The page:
A kind of complex symbiosis in ecosystems with numerous heterogeneous components.
Pollination by insects tends to maintain vegetal species which are necessary for the survival of the insects themselves as species. The same effect connects animals which bury seeds of the plants they eat, for example squirrels making stores of acorns.
There is also a kind of negative mutualism. Some trees defend themselves against insect pests with biochemical emissions… and some pests even circonvent these defenses by enzymatically detoxifying these poisons… while the plant's emission acts as a call for the parasite's parasites! (P. GREIG SMITH, 1986; J.F. DOBREMEZ et al, 1995, 912-16).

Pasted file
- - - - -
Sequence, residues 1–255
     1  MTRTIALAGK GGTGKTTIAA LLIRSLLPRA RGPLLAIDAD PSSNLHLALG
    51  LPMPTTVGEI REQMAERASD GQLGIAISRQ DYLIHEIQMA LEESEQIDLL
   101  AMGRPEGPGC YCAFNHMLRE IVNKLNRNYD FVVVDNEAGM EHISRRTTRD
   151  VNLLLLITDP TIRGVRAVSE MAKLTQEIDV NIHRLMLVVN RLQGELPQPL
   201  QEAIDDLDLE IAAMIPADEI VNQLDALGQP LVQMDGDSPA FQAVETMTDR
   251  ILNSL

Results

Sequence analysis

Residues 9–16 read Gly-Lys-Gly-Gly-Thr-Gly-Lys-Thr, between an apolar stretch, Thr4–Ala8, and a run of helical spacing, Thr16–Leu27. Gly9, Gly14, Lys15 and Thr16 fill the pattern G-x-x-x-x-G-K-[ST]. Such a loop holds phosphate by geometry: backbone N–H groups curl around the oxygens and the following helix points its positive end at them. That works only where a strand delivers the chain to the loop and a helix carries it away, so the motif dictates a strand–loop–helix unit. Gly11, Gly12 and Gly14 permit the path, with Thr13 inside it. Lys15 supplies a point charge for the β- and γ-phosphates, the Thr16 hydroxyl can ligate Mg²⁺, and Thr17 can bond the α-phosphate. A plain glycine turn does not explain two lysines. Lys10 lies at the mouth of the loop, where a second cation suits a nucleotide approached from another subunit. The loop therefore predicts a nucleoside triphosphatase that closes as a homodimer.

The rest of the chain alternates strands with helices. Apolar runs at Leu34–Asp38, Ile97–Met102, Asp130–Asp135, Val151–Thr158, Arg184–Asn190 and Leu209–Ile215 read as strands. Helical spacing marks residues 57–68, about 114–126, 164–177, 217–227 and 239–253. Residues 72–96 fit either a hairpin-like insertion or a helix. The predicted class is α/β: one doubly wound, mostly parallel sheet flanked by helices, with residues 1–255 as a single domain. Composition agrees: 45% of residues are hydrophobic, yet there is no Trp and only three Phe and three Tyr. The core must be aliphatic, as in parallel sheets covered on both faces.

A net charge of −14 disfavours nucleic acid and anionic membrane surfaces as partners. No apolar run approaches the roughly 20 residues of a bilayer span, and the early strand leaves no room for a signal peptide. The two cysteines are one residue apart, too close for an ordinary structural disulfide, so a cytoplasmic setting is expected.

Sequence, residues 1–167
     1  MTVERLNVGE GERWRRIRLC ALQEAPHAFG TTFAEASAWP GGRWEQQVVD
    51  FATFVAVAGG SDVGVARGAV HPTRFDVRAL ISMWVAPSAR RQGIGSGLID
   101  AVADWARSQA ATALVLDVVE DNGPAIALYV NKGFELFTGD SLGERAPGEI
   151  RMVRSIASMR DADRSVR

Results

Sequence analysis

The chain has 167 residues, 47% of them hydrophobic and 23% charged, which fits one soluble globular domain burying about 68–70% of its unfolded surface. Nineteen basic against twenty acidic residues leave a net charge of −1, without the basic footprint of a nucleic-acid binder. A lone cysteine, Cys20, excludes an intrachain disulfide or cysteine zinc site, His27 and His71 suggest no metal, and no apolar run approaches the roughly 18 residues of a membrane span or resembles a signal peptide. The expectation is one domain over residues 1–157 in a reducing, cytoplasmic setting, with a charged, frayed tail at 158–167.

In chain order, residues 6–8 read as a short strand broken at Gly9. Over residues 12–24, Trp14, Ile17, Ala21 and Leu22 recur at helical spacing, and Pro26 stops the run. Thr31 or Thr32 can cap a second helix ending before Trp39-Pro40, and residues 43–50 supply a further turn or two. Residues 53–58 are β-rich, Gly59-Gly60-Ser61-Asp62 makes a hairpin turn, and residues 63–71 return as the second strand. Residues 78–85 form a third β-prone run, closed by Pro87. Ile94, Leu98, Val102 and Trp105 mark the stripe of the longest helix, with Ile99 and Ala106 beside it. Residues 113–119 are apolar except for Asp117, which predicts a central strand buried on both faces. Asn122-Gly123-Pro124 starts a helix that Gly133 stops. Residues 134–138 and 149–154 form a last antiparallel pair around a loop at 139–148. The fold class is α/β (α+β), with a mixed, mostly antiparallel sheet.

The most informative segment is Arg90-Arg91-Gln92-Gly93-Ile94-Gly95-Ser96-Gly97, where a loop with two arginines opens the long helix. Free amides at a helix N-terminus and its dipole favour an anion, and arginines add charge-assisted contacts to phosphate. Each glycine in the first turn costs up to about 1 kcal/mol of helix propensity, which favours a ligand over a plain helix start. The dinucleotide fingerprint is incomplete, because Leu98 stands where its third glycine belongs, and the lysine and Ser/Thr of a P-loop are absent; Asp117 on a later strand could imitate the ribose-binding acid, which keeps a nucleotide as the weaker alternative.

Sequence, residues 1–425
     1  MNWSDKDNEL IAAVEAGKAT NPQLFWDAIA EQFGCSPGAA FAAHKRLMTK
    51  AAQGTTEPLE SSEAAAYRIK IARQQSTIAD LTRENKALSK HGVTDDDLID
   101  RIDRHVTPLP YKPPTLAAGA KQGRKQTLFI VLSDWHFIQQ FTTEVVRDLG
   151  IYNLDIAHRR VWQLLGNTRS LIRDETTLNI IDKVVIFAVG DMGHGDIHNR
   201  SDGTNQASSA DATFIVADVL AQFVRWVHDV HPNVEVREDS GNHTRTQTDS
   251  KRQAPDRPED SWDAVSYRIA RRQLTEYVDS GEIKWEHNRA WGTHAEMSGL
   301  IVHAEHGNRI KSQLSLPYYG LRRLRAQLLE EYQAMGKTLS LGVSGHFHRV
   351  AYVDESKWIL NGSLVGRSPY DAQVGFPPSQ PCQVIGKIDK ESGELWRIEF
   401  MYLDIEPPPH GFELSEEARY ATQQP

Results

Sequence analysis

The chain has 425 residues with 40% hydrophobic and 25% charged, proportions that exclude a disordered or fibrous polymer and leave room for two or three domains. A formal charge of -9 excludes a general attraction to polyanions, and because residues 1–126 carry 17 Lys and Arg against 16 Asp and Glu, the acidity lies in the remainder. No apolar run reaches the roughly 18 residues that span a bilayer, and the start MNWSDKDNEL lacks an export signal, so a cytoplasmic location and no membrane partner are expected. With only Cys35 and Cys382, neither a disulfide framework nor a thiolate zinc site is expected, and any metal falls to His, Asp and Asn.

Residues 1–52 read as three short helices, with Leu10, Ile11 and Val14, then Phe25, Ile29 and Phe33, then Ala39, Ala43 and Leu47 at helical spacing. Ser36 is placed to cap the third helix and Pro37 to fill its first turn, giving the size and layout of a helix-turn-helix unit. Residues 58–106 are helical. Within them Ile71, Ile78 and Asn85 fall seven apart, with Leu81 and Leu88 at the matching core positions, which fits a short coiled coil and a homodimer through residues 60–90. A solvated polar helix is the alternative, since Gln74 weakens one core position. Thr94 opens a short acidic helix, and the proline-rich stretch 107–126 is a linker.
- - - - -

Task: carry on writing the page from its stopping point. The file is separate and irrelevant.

Such natural controls are more than once destroyed by ill-advised human interventions, as for example the inadequately timed use of pesticides which kills not only the parasite, but altogether the parasites that could maintain them in check.
Mutualism is also a relationship between two organisms, which is beneficial for both.
For example, some trees obtain nutrients from fungi living on their roots. The fungi in turn obtain carbohydrates produced by the leaves of the tree
(It seems that some authors consider this collaboration as symbiosis)
Finally, mutualism may also exist among groups, as for example as reciprocal protection in fish shoals, or in herbivorous herds (zebras, antilopes) in which all members benefit from the collectively fostered vigilance against predators.
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Bertalanffy Center for the Study of Systems Science (2020). Title of the entry. In Charles François (Ed.), International Encyclopedia of Systems and Cybernetics (2). Retrieved from www.systemspedia.org/[full/url]
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